I initially have a group of TeX codes that looks like so:


Where paper.tex is the main TeX and takes in the assignment.tex file and adds it in there.

The assignment.tex is the one I am concerned with and it has a snippet of code that I want to change. It looks like so:

\multiplot{2}{img1,img2,img3,img4} %where img1-4 are within the directory sigsbee

\multiplot{2}{img1,img2,img3,img4} %where img1-4 are within the directory sigsbee2

I would like to make a third multiplot that takes images from both sigsbee and sigsbee2 and plots the images.

I was hoping to use something that would define variables based on path names that I could append to include miscellaneous directories. Something like:


But I am unsure on the notation or approach that would be best suited for this operation.

  • If those are regular png's (or any other image format inset by \includegraphics) just do: \graphicspath{{sigsbee}{sigsbee2}} and extend with as many paths as necessary. Note the extra braces and no comma separator. Then you should not need \inputdir.
    – nickpapior
    Commented Mar 3, 2015 at 18:53
  • @zeroth Just out of curiosity if I specify the graphics path and have images named the same thing will it still be okay? Something like: '\includegraphics[]{\graphicspath{{sigsbee}}img1}' will register the image in sigsbee as opposed to any other paths? Or should \graphicspath be defined in the preamble?
    – msleevi
    Commented Mar 3, 2015 at 19:01
  • I can actually not remember, try and see if it works (but do not put \graphicspath inside the command), or read in the graphics manual. I have always put it in my preample, if it is just appending to an internal non-global macro, it should work, otherwise you need to do something else.
    – nickpapior
    Commented Mar 3, 2015 at 19:16
  • @zeroth I read up on it and that makes sense. I definitely wouldn't put it in the command. But the problem with that would be that my images are the exact same title in each directory. So I would need some way to differentiate each file from the others. It would be nice if I could do something like '{sigsbee}+'definingfolder/file' but I don't know how to overload operators in TeX.
    – msleevi
    Commented Mar 3, 2015 at 19:23
  • It is a bit unclear what multiplot actually does. If it is one of your macros you can edit it to split its arguments to have something executed in the middle. I think it this case you are better of by setting path to {} and then prepend the actual path to each image.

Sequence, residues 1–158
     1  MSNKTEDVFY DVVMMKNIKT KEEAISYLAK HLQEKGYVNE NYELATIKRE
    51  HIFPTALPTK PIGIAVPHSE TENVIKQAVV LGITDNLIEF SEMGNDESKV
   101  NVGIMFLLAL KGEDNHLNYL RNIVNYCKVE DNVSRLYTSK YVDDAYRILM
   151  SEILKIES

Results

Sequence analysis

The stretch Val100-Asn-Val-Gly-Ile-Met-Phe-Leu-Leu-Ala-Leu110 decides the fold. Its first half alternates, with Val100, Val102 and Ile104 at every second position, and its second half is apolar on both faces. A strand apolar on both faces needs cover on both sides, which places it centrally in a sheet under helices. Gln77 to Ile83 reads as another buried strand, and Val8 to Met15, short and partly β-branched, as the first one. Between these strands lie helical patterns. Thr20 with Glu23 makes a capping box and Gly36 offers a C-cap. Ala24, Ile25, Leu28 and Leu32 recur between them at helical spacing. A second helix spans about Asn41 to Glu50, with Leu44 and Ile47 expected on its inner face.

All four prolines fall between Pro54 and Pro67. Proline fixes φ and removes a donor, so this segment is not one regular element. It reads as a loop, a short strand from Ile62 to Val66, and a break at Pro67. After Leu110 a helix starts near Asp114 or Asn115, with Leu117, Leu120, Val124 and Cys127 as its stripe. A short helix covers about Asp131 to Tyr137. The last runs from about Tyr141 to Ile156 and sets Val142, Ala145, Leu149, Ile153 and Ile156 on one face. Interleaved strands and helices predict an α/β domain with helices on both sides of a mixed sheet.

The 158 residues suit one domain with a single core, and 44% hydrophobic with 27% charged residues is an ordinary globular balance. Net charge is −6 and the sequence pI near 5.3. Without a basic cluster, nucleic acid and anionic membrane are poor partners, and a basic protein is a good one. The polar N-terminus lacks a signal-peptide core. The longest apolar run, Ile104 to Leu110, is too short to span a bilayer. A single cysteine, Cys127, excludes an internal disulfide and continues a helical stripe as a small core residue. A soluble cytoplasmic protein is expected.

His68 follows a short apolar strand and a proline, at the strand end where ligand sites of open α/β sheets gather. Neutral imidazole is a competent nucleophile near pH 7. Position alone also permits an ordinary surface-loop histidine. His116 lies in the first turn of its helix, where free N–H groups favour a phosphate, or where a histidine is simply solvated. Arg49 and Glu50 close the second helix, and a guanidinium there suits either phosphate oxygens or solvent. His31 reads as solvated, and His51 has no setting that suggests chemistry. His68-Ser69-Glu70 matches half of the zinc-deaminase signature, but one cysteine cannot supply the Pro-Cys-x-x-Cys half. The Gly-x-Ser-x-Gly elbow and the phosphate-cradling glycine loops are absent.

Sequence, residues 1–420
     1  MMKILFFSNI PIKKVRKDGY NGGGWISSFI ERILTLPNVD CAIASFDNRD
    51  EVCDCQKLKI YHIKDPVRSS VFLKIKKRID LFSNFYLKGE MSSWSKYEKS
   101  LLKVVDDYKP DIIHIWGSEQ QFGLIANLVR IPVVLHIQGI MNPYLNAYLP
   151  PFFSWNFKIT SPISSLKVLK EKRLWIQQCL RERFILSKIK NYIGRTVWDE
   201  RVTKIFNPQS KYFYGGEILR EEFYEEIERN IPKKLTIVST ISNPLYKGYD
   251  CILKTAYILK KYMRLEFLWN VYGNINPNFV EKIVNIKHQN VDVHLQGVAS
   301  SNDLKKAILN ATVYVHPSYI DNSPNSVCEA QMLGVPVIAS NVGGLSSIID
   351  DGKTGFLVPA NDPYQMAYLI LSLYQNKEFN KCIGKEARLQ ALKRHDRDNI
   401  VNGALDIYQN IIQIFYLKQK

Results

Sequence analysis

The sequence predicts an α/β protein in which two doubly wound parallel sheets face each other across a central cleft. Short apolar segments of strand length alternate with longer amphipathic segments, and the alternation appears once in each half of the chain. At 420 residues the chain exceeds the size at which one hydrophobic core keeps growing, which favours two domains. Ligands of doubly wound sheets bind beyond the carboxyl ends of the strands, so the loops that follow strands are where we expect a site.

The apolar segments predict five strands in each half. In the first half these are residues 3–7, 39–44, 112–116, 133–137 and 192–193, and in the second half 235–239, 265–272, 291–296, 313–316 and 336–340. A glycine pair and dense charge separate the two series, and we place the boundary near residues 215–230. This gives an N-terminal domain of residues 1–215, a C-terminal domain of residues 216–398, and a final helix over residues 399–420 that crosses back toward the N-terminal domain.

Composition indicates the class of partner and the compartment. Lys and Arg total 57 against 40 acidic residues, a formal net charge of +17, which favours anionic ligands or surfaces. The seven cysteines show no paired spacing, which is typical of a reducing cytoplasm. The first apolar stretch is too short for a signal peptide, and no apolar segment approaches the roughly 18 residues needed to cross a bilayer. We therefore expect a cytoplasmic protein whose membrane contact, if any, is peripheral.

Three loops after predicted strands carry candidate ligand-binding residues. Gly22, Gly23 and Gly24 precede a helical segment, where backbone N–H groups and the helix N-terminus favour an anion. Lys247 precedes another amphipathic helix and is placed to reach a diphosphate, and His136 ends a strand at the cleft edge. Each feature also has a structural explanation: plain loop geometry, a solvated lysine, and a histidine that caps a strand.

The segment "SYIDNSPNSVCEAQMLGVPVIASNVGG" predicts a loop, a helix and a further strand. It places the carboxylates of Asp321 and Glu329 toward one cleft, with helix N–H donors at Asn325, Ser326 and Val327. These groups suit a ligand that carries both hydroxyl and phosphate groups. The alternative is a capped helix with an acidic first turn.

– nickpapior
    Commented Mar 3, 2015 at 19:37

1 Answer 1


Given the amount of time it has been since someone has contributed I am going to post my personal solution to this problem. And it is not actually a solution. Initially I prosed this question because I did not have access to the template file where part of the macros were defined from. The macros in question were as follows:


Now unfortunately this question was doomed from the point I asked, I did not really when I posed this question that there is a great deal of background information transformed that is highly dependent on the naming convention of the paths for the working directory. This is a Madagascar convention which is the software from where this question arose.

There is no possible way to answer this because if you change the \inputdir{} the next directory that it searches for is the Fig directory. Which is unfortunate. The simplest solution to this problem is to alter the constructing python script to make all the potential figures in one directory.

The more complicated solution would be to alter all the dependencies within the TeX template and the macros in order to make it more suitable for using multiple directories within the \multiplot{}{}{} environment.

Unfortunately, I don't see any foreseeable answers to this problem as the problem is ill-defined and frankly bordering on useless because the whole template is based on this naming convention for the paths. I would like to see a better solution arise, but I am not hopeful.

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